I’m thrilled that people are digging HEX-RATED, the first novel in the Brimstone Files series I’m writing for Night Shade Books. But the whole reason for the Gutters to exist is to crash your idea about overnight success and smack the myth that we can all be living off our writing (and that such things are awesome). So a little data to make things clear:
Before Hex-Rated, I’d written fourteen novels.
This doesn’t include two abandoned novellas (sword and sorcery and romance stuff that just didn’t gel), or comic book projects, let alone short stories. I wrote fourteen novels before I sold HEX-RATED.
All of them genius.
(CUE LAUGH TRACK)
Some of them are great. Some are fun. One is darkly personal and I can’t even get Bizarro publishers to touch it!
But, let me tell you about the first three novels I wrote. Not published, of course, but finished.
JABS -3 to ZERO
First one, CHAINS OF BONE (2000), was a horror novel about a Latvian werewolf sworn to keep promises. Did I mention there were Latvian werewolves? It was written because I hated how Guy Gavriel Kay employed the technique of people ‘bound’ to promises in an otherwise great novel, TIGANA. It was also written when I thought being a horror writer like Brian Keene was feasible. The difference is Brian wrote a great zombie novel called THE RISING. I wrote a meandering piece of violence and exposition.
Which means CHAINS OF BONE sucked. Sure, some dialog was funny, I had a soft spot for the characters and their plights. But I had no real clue what I was doing. I had not studied how plot worked beyond “stuff happens.” The first draft was so shitty I had to abandon it and reconstruct it from the top because even I knew the plot made less sense than El Topo on acid. The second version was better, but that’s like saying I got a good polish on a turd. It has never been read and is lying in a friend’s basement as a legit “trunk” novel.
Then there was HARD TIMES FOR A GOOD THIEF (2003). This is my “I love Joe Lansdale and Garth Ennis” novel. It’s got a cool premise: a dude suffering from a near-magical form of kleptomania gets involved in a caper that makes him “bound” (god I’m predictable) to twin Colt revolvers possessed by the ghost of Billy the Kid. Beyond my wildest dreams it was liked by a few agents, but they could all smell the beginner ticks and twitches. Still love the idea and characters but the plot might be called “Jay Learns about Quests!” Not a bad work, especially after the clusterturd of CHAINS OF BONE.
Before my PhD program I quickly scrambled to finish THE SUMMER APPRENTICE (2003), a YA novel that I would eventually re-write from the bottom up because I loved the characters: fat bully learns the arcane from a World War II wizard. That version got me an agent. The first one . . . taught me that I love exposition too damn much. But this first stab had no depth, but it was very character-oriented rather than “cool shit” oriented (rather than the pure-shit oriented that is CHAINS OF BONE . . . whose original title was, for no reason, TRINITY OF MIRRORS).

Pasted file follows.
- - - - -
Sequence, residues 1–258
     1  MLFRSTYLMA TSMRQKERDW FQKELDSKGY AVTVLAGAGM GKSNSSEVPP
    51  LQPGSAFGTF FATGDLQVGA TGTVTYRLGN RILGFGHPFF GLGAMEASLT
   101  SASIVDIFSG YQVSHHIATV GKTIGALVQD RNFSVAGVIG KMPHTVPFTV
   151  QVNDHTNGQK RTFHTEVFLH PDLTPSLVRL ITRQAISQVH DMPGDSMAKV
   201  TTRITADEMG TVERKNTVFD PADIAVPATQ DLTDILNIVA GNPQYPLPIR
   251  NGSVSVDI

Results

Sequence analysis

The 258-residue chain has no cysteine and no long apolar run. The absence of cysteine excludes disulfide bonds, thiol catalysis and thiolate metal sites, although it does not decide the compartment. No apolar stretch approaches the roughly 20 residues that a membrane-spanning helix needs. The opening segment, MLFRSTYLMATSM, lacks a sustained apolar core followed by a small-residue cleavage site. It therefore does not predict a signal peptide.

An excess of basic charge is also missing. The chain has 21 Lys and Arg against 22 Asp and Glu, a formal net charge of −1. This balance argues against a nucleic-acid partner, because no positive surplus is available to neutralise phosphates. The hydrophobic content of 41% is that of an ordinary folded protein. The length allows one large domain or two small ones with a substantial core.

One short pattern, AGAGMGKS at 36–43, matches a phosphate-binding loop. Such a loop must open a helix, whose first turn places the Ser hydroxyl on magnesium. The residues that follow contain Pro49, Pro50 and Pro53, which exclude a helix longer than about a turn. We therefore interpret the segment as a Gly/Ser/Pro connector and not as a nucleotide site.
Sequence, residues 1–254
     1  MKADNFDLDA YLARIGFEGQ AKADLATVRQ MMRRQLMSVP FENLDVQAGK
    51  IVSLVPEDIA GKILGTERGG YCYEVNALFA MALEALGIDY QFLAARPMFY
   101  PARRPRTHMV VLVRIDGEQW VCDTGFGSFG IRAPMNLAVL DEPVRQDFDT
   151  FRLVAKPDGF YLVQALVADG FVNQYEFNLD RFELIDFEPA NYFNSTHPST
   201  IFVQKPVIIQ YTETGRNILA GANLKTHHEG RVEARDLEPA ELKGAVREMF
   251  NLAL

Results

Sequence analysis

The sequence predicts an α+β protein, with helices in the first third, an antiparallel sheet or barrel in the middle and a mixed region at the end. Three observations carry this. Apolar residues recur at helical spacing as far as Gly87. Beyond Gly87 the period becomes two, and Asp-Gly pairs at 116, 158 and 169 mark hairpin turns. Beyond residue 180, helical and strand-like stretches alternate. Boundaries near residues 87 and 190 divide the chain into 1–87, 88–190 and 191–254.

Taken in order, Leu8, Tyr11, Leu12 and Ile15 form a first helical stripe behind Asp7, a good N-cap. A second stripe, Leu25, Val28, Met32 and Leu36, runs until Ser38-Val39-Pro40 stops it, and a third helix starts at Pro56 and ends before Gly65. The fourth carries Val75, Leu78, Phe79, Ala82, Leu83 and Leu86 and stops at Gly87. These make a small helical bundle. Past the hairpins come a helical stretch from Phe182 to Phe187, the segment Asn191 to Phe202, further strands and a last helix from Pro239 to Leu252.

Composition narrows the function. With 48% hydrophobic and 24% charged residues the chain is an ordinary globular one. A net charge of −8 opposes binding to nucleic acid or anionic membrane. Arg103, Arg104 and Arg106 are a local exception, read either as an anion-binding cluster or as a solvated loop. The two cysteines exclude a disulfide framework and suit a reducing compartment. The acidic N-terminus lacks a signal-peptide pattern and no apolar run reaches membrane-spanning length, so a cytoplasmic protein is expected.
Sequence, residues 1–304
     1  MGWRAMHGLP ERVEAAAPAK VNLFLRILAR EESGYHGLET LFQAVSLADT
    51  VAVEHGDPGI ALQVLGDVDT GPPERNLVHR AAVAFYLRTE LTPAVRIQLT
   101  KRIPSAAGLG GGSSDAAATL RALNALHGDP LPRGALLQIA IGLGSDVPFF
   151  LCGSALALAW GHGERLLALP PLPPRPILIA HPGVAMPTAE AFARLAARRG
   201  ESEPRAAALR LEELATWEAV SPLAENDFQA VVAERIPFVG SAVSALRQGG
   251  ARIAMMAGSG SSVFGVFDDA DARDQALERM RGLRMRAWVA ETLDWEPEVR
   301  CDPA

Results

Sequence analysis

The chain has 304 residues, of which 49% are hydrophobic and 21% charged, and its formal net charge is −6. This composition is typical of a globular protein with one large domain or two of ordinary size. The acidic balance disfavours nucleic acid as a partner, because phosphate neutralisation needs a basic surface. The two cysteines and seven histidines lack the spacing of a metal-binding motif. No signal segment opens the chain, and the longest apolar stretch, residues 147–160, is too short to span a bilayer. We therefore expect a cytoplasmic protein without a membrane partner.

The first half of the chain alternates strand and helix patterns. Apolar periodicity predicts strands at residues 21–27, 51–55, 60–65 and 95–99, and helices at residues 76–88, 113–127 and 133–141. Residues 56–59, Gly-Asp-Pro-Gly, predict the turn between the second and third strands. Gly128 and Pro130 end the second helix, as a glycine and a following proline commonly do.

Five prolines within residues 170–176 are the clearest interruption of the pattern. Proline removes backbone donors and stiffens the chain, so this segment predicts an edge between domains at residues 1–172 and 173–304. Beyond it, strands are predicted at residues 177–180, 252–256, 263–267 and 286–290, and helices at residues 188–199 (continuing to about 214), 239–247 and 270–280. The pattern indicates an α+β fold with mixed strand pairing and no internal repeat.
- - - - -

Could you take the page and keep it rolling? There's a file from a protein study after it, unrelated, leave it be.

About 300K words total before I got “serious” about novels in 2009 when I finished my PhD. I followed in the age old tradition of learning to write by writing bad and trying to get better. Self-publishing was a largely a joke and filled with scam artists (how times have changed!). But all the writing advice I’d read suggested that’s what it took. Could you grind out your beginner novels? Could you learn-by-doing? Could you recognize your first drafts as shit and keep on going to make them better?
So, yes, they were awful, but I could also see I was getting better because of the feedback I got and my own growing editorial sense (beware professionals who believe you should only listen to expert advice. Learn to create what Hemingway called your own built-in “bullshit detector” for your own work).
So, before I took novels seriously, I spent two years writing novels. I’d read some good stuff on plotting from David Morrell, and the usual of suspects for genre beginners like Nancy Kress and Orson Scott Card. But as Napoleon said, it’s all in the execution: I learned to write by WRITING.
And it was garbage, but my garbage! Just like my fave seen in Charlotte’s Web, where Wilbur and Templeton feast on the carnival trash, I feasted on my own awfulness in order to find the treasures.
In short, it wasn’t agony. It was fun. My punk rock attitude said “yeah, this stuff stinks up the joint, but it was a blast to get it down on paper! Let the next one stink less!” Ever work a day of labor in the burning sun? Way worse than an hour of the day playing make-belief. Making that work awesome, though, took a work ethic that would almost destroy my love of writing.
Stay tuned, Happy Campers! Stay Tuned!
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